The Irish Costume Archive Project has teamed up with Russborough House in Blessington, Co. Wicklow to launch an exciting new exhibition for autumn 2022.
Entitled “The Art of Costume”, the exhibition explores the relationship between actors and costumes, and the growth of the Irish film industry. Launching on Thursday, 11th August and running until Sunday, 16th October, the exhibition will display costumes from the ICAP collection that have been collected and preserved from some of the most prestigious film productions shot in Ireland. “The Art of Costume” exhibition features 17 costumes from 12 well known film and television productions, all revealed up close highlighting their exquisite attention to detail.
The exhibition displays costumes from the four-time Emmy award-winning ‘Normal People’, as well as the famous Afghan coat worn by Daniel Day Lewis in the film ‘In The Name of the Father’, the military uniform worn by Liam Neeson in ‘Michael Collins’ and Brendan Gleeson’s flamboyant silk dressing gown in ‘The Guard’. The exhibition also includes costumes from the Oscar winning ‘The Favourite’, as well as ‘The Crying Game’, ‘Little Women’, ‘Ripper Street’ and ‘Love and Friendship’, which was filmed in part at Russborough House.
ICAP was founded in 2017 by costume designer Eimer Ni Mhaoldomhnaigh and costume practitioner Veerle Dehaene. Eimer and Veerle both have extensive industry knowledge and experience. On the production side, Eimer has worked with directors Neil Jordan, Jim Sheridan and Ken Loach, providing her expertise in costume design to them. Veerle utilised her knowledge as a costume practitioner to manage Joan Bergin’s costume collection at The Costume Mill in Dublin. Together they founded ICAP because they were both concerned about the afterlife of such costumes, that they believe, are an integral part of Ireland’s film heritage. The archive is now home to over three hundred costumes that are permanently stored and preserved at Ardmore Studios in Co. Wicklow.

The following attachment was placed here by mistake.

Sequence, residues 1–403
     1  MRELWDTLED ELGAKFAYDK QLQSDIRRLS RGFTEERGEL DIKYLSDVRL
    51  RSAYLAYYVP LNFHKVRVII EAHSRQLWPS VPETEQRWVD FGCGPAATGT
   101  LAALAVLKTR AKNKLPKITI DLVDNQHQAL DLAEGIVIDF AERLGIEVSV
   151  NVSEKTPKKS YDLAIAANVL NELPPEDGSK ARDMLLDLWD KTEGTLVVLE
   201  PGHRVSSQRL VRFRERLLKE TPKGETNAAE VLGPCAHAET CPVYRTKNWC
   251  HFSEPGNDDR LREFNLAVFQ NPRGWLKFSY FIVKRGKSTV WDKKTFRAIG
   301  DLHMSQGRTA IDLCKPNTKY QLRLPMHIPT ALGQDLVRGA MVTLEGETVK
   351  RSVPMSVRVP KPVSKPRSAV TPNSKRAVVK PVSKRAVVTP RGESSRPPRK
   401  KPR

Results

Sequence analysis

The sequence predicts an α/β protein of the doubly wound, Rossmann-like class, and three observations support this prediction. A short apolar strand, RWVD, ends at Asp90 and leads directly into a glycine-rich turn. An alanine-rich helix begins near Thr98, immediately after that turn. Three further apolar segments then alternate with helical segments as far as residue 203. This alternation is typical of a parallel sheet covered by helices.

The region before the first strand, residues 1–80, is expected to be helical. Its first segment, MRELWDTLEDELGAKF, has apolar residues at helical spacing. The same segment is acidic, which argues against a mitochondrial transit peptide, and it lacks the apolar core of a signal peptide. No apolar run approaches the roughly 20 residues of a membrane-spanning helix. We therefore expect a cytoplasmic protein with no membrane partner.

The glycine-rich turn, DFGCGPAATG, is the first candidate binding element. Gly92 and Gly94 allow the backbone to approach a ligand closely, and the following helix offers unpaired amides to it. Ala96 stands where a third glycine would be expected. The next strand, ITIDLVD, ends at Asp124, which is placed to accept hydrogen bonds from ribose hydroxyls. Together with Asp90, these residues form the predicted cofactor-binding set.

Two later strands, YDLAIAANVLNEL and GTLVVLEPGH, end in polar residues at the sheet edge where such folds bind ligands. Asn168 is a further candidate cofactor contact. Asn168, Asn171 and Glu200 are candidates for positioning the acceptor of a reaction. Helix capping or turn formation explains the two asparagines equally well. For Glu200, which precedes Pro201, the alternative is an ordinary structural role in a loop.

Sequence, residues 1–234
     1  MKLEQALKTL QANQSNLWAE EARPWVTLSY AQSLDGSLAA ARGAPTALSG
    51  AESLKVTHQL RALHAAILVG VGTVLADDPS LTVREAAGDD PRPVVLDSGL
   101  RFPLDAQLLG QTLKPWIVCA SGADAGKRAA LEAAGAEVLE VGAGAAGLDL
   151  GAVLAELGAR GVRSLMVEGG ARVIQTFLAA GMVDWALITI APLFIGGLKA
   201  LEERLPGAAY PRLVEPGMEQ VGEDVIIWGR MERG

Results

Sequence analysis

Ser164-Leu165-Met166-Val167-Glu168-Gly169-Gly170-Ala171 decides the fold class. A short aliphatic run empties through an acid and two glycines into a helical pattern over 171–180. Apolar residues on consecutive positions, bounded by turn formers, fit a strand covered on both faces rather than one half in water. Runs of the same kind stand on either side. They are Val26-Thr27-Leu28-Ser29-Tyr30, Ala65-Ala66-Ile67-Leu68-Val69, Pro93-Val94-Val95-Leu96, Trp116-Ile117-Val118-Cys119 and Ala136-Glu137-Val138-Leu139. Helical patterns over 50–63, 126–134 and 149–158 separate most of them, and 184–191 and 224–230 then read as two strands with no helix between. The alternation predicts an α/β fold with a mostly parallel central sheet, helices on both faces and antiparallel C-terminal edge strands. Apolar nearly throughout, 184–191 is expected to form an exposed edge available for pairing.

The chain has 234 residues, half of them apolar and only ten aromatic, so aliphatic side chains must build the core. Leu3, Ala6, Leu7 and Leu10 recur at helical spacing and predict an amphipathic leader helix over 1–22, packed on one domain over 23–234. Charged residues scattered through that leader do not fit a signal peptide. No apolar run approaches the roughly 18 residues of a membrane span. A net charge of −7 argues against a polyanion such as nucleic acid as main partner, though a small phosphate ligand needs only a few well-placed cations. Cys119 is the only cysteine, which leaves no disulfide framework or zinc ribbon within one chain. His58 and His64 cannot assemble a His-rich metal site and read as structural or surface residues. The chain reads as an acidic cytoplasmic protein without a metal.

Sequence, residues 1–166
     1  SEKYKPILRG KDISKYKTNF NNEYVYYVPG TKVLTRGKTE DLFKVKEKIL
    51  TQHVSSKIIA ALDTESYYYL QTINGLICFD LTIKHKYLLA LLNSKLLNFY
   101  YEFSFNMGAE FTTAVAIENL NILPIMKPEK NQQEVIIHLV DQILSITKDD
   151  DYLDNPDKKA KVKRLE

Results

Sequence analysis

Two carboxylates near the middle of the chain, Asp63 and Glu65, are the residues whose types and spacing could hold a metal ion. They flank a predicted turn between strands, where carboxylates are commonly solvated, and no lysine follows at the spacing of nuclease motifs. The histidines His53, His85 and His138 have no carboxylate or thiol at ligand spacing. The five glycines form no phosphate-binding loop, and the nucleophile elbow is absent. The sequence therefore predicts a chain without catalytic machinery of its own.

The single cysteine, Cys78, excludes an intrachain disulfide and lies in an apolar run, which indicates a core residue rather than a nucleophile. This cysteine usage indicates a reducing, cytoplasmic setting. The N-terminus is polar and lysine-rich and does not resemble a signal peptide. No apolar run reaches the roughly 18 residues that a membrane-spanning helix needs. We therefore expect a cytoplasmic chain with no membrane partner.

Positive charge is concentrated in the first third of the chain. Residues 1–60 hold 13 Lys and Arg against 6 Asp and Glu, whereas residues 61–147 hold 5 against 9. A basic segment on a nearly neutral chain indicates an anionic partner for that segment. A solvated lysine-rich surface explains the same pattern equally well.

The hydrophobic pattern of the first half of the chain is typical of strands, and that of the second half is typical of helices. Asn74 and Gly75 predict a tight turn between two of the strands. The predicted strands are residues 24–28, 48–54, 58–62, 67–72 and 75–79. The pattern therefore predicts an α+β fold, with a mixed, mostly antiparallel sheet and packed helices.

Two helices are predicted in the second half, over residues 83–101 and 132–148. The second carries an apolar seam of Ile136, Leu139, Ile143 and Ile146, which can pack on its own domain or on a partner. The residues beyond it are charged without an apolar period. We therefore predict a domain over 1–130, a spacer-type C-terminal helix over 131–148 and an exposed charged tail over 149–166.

Speaking about the launch of the exhibition at Russborough House, ICAP founder Veerle said, Costume plays a vital part in the actor’s characterisation, and very often they do not fully get into character until they get into their costume. It is a collaboration between the actor, director, and costume designer, and it involves a huge amount of historic and social research to establish authenticity and accuracy.
The exhibition is also an important part of The Alfred Beit Foundation’s, who operates Russborough House, educational programme, particularly for post primary and transition year students, as it will feature a specialised workshop for students interested in pursuing costume design as a career. According to Pauline Swords, Head of Collections and Conservation at Russborough, the purpose of the costume design workshops is “to help students appreciate the relationship between character development and costume”. The workshops will touch on the whole design process, how the costume is related to the script, the costume plot needed to visualise the film story, and how visits to museums, archives, and libraries help to get a realistic vision of a period in history. Russborough House provides a magnificent backdrop for the exhibition, being a historic building that champions exquisite Georgian perfection.
The Art of Costume Exhibition runs from 11th August to 16th October as part of our Guided House Tour.